● Make a plan. Now you’ve got the information you need, you’ll be able to see the bigger picture and avoid any problems in the future.

If you’ve inherited a property, you may need to consider the implications for you and your family. So, we’re here to help you work out what’s best for you and those around you. Get in touch today.

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What Is Capital Gains Tax in the UK?

When you sell an asset that has increased in value, such as property, cars or even shares, you will have to pay a tax on the profit, called Capital Gains Tax (CGT). In the UK, the current CGT rates are 10% or 20% for individuals (not including residential property and carried interest).

Why do you need to pay CGT?

If you’ve sold an asset which had increased in value and the gain, or profit, is greater than your annual CGT allowance – this is currently £12,300 for the 2022/23 tax year – you will need to pay CGT on the difference. 

If the gain is less than your annual allowance, you don’t need to pay CGT but you will still need to report the gain on your next tax return. 

When don’t you need to pay CGT?

If you’ve sold an asset which had increased in value and the gain, or profit, is greater than your annual CGT allowance – which for the 2022/23 tax year is £12,300 but will drop to £6,000 for the 2023/24 tax year – and you will need to pay CGT on the difference between your annual personal CGT allowance and the sale price.

If the gain is less than your annual allowance, you don’t need to pay CGT but you will still need to report the gain on your next tax return.

Meeting about tax

How to calculate your CGT bill

To calculate your CGT bill, you need to know how much your gain (profit) is by subtracting the original cost of your asset from the sale price.

For example, if you bought a share for £100 and then sold it for £150, your gain would be £50.

Now you know your gain, apply the relevant tax rate to calculate how much CGT you will need to pay. For the 2022/23 tax year, outlines the CGT rates as:

● 10% and 20% tax rates for individuals (excluding residential property and carried interest)
● 18% and 28% tax rates for individuals for residential property and carried interest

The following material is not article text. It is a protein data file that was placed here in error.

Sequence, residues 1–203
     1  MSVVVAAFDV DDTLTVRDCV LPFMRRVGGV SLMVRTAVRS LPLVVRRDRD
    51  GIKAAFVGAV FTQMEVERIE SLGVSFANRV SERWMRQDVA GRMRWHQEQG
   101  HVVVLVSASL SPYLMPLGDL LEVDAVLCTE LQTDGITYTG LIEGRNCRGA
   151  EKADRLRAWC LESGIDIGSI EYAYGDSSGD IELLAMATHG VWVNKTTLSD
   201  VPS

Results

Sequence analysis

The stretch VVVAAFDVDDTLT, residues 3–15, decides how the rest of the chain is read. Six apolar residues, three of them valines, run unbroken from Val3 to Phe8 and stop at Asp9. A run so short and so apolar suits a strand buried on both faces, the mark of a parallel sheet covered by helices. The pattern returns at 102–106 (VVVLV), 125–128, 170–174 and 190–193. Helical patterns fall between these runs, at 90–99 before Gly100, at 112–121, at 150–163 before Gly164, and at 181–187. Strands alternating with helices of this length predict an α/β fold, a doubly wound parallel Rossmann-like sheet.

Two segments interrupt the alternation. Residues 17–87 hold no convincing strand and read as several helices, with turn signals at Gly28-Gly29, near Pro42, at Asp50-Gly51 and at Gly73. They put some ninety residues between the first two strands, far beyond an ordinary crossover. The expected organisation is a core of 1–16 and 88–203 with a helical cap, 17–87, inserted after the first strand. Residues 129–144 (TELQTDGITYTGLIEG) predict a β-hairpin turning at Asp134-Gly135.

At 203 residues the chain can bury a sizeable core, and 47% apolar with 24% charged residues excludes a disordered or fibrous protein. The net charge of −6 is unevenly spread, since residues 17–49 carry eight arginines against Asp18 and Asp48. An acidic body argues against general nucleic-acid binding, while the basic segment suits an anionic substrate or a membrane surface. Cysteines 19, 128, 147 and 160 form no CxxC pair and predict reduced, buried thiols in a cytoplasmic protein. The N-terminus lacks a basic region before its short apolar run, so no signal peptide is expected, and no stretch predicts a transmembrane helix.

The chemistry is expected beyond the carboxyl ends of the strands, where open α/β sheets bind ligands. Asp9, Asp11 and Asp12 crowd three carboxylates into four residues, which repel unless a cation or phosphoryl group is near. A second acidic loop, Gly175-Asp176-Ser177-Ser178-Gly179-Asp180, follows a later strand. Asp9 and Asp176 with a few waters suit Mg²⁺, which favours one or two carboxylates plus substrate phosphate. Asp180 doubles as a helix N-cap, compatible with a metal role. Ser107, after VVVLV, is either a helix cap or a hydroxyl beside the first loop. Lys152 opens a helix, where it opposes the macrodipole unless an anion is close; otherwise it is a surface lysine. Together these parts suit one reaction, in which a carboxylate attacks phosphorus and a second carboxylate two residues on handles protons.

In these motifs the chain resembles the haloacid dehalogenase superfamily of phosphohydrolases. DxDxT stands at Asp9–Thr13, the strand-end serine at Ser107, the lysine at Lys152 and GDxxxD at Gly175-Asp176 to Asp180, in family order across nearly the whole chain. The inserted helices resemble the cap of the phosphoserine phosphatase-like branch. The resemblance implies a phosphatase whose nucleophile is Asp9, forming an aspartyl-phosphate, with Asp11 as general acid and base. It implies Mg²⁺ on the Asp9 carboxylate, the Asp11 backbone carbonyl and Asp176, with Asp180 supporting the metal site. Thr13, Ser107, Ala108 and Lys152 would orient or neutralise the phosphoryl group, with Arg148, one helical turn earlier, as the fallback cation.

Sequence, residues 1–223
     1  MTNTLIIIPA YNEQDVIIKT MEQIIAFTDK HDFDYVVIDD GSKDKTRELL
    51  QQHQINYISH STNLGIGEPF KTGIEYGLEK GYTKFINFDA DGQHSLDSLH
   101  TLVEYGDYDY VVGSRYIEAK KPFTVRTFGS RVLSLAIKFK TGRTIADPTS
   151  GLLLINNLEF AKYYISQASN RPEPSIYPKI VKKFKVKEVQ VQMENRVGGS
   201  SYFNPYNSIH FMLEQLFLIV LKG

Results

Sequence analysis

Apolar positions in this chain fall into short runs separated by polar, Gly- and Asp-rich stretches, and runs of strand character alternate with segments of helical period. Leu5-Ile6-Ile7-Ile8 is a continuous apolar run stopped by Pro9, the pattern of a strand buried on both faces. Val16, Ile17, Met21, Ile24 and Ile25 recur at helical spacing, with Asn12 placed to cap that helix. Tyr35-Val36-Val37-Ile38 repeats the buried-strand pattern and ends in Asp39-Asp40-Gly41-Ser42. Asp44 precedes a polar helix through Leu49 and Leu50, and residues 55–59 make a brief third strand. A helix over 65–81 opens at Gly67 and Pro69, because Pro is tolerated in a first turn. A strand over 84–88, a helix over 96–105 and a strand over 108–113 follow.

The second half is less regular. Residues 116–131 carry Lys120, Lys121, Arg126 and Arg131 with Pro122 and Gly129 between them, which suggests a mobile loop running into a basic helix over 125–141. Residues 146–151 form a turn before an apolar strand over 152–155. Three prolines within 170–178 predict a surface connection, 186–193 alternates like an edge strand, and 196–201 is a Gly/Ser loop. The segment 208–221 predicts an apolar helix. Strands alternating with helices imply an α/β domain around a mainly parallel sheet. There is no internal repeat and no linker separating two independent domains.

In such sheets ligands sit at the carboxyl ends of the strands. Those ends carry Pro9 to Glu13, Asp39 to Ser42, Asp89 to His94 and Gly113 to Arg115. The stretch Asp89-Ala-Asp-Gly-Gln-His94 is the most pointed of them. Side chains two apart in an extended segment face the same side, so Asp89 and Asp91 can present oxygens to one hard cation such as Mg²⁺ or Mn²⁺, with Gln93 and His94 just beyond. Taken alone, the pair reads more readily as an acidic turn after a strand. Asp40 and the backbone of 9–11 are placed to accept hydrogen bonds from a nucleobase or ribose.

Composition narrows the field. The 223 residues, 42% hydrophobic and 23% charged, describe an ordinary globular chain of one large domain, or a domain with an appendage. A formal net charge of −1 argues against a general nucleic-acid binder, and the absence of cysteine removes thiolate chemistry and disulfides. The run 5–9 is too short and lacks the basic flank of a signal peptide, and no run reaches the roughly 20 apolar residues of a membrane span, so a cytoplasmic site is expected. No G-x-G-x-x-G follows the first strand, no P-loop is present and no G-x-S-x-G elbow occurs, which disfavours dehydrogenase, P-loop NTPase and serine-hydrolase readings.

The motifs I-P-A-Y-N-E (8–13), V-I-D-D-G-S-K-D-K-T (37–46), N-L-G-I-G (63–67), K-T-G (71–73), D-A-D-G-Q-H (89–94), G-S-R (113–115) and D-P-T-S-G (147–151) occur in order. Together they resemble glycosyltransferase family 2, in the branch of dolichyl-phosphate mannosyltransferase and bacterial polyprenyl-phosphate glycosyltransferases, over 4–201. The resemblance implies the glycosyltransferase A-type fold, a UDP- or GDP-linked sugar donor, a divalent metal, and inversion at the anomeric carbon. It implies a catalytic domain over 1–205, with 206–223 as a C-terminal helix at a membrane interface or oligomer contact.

● 20% for trustees or for personal representatives of someone who has died (excluding residential property)
● 28% for trustees or for personal representatives of someone who has died for the disposal of residential property
● 10% for gains qualifying for Business Asset Disposal Relief (previously known as Entrepreneurs Relief)
● 28% for Capital Gains Tax on a property where the Annual Tax on Enveloped Dwellings is paid, the annual exempt amount is not applicable
● 20% for companies (non-resident Capital Gains Tax on the disposal of a UK residential property)

As you can see the rates vary depending on whether you’re an individual or a business and what it is that CGT may apply to. If you’re unsure what rate your gain is subject to, we’re always here to help.

How to pay CGT

How you report and pay your Capital Gains Tax depends on whether you sold a residential property in a residential property in the UK on or after 6 April 2020 or any other asset that’s increased in value in the time between purchasing and selling it.

To report your gain you’ll need to know:

● how much you bought and sold the asset for.
● when you bought and sold the asset.
● any other relevant details, like any costs associated with the purchase, improving the asset and any tax reliefs you’re entitled to.

Here to help

CGT can be a complex and confusing tax but to make sure you’re paying the right amount, it’s important to understand how the tax works. That way you will avoid paying more tax than you need to.

If you’re planning on selling an asset that has increased in value but are unsure whether you need to pay CGT, or how much CGT you owe, our experienced, professional tax advisers at Norwich Accountancy are on hand to help you.